Ahead of 24 Nov presidential election, tensions mounted as President Vaz dissolved govt and tried to replace PM Gomes raising risk of protests and violent repression by security forces in coming weeks. Supreme Court 16 Oct approved twelve of nineteen would-be presidential candidates, including incumbent President Vaz and representatives of main political parties. Parliament 15 Oct approved PM Gomes’s program by narrow margin, but vote divided ruling coalition: notably Nuno Gomes Nabiam, presidential candidate and leader of Assembly of the People United (APU), voted against program. Tension rose over updating of electoral rolls. Nabiam 14 Oct said ruling party African Party for the Independence of Guinea and Cape Verde (PAIGC) used money earmarked for updating electoral rolls to finance its activities. Mission including representatives of African Union (AU), UN and regional bloc Economic Community of West African States (ECOWAS) visited capital Bissau 7 Oct, insisted on adherence to electoral schedule and said that previous rolls should be used in absence of agreement on revisions. PM Gomes 22 Oct said his former ally and opposition leader Umaru Sissoco Embalo, also presidential candidate, was preparing coup; recording of conversation between Sissoco and unidentified man about fomenting trouble circulated on social networks. Sissoco denied accusations. Police 26 Oct cracked down on opposition protest in Bissau calling for revision of electoral rolls and delay of presidential election, one person reportedly killed. President Vaz 28 Oct dissolved govt saying political situation was undermining normal functioning of state institutions and 29 Oct named Faustino Fudut Imbali (PM from 2000 to 2003) as PM, but incumbent PM Gomes refused to step down. ECOWAS same day rejected Vaz’s decision and insisted Gomes was still PM; UN, AU and Angola supported ECOWAS position.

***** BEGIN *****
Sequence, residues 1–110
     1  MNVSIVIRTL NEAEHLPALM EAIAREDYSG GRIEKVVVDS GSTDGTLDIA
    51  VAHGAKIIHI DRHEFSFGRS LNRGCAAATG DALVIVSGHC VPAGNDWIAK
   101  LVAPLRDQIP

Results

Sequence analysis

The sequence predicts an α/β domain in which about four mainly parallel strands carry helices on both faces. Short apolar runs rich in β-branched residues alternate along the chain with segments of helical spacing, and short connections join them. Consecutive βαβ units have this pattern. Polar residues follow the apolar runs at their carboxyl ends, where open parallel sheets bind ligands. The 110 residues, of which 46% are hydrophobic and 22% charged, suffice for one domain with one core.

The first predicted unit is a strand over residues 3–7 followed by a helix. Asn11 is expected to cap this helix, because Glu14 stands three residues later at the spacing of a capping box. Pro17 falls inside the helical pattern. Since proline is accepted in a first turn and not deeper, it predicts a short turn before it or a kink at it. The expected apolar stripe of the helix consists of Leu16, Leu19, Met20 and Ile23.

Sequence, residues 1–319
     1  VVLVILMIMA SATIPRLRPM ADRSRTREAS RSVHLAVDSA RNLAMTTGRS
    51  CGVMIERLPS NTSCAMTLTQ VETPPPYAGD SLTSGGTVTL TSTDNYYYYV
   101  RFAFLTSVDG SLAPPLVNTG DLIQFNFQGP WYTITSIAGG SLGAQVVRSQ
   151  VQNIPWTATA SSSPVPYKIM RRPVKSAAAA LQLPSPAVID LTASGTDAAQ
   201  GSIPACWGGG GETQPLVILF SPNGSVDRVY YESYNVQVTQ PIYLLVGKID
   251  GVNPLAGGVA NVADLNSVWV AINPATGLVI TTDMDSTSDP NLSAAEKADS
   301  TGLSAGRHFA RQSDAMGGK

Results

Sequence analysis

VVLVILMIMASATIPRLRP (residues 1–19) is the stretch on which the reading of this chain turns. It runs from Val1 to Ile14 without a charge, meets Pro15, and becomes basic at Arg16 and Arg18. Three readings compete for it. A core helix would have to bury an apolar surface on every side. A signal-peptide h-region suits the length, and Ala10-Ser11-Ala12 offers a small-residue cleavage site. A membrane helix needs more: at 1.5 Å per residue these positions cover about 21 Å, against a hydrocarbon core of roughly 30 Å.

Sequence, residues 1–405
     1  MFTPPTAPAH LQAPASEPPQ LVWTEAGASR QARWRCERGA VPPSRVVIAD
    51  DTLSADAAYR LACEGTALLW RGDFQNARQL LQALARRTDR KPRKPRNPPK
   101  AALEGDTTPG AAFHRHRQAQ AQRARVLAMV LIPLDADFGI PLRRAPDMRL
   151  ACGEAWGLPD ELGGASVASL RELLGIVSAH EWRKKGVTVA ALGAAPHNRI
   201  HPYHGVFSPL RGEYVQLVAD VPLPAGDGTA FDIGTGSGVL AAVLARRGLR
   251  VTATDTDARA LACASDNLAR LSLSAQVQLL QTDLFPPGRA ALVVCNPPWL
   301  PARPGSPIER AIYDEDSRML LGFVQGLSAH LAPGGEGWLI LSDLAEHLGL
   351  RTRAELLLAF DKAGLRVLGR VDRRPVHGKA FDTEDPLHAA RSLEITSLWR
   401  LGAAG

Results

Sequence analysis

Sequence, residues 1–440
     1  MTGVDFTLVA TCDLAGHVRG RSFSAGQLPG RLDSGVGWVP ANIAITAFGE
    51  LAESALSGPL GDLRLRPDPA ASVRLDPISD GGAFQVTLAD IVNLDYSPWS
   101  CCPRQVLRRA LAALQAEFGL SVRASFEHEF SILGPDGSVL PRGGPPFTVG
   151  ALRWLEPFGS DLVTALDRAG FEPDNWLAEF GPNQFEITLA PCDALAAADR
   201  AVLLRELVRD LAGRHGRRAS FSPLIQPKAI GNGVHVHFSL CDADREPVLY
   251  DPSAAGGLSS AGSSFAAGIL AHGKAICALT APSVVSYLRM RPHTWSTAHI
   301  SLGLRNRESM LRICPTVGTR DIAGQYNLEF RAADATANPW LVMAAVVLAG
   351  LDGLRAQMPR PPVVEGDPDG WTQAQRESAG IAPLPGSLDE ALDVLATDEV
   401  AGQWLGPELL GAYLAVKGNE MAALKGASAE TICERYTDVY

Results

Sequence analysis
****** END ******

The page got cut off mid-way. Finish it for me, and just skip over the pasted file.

A legitimate civilian government, economic improvement and an army that has lost credibility are an opportunity for Guinea-Bissau. Regional and international partners meeting in Brussels on 25 March should commit to finance security sector reform to help the small state move beyond its history of military coups.
Guinea-Bissau’s elections are an important first step, but to address its economic and political fragility, the country needs strong international help, as well as political and military will for reform.
International actors need to commit to a common strategy to help coup-plagued Guinea-Bissau implement the security, justice and electoral reforms it needs to escape its status as a link in drug trafficking to Europe.
The ability of the Bissau-Guinean authorities to withstand the 26 December 2011 coup attempt bears witness to the improvements since the previous military turmoil of 1 April 2010, but crucial political, military and judicial developments still lie ahead as the country prepares for presidential elections in March and parliamentary polls later this year.
The killing of at least 160 participants in a peaceful demonstration, the rape of many women protestors, and the arrest of political leaders by security forces in Conakry on 28 September 2009 showed starkly the dangers that continued military rule poses to Guinea’s stability and to a region where three fragile countries are only just recovering from civil wars.
The assassinations of the chief of defence staff, General Batista Tagme Na Wai, on 1 March 2009 and President Joao Bernardo Nino Vieira early the next day have plunged Guinea-Bissau into deep uncertainty. National Assembly Speaker Raimundo Pereira was quickly sworn in as interim president pending the election the constitution requires.
On 12 April 2012 a military uprising ousted former prime minister Carlos Gomes Júnior just as he was about to compete in a run-off presidential election that he was poised to win. Gabriela Keseberg Dávalos, Crisis Group's Senior Communications Officer, and Vincent Foucher, West Africa Senior Analyst, were in Bissau to examine the current situation in the country, the reasons for the overthrow and the priorities of the new transitional government.
On 12 April 2012, a military uprising ousted former prime minister Carlos Gomes Júnior just as he was about to compete in a run-off presidential election that he was poised to win. Crisis Group's Gabriela Keseberg Dávalos, Senior Communications Officer, and Vincent Foucher, West Africa Senior Analyst, were in Bissau to examine the current situation in the country.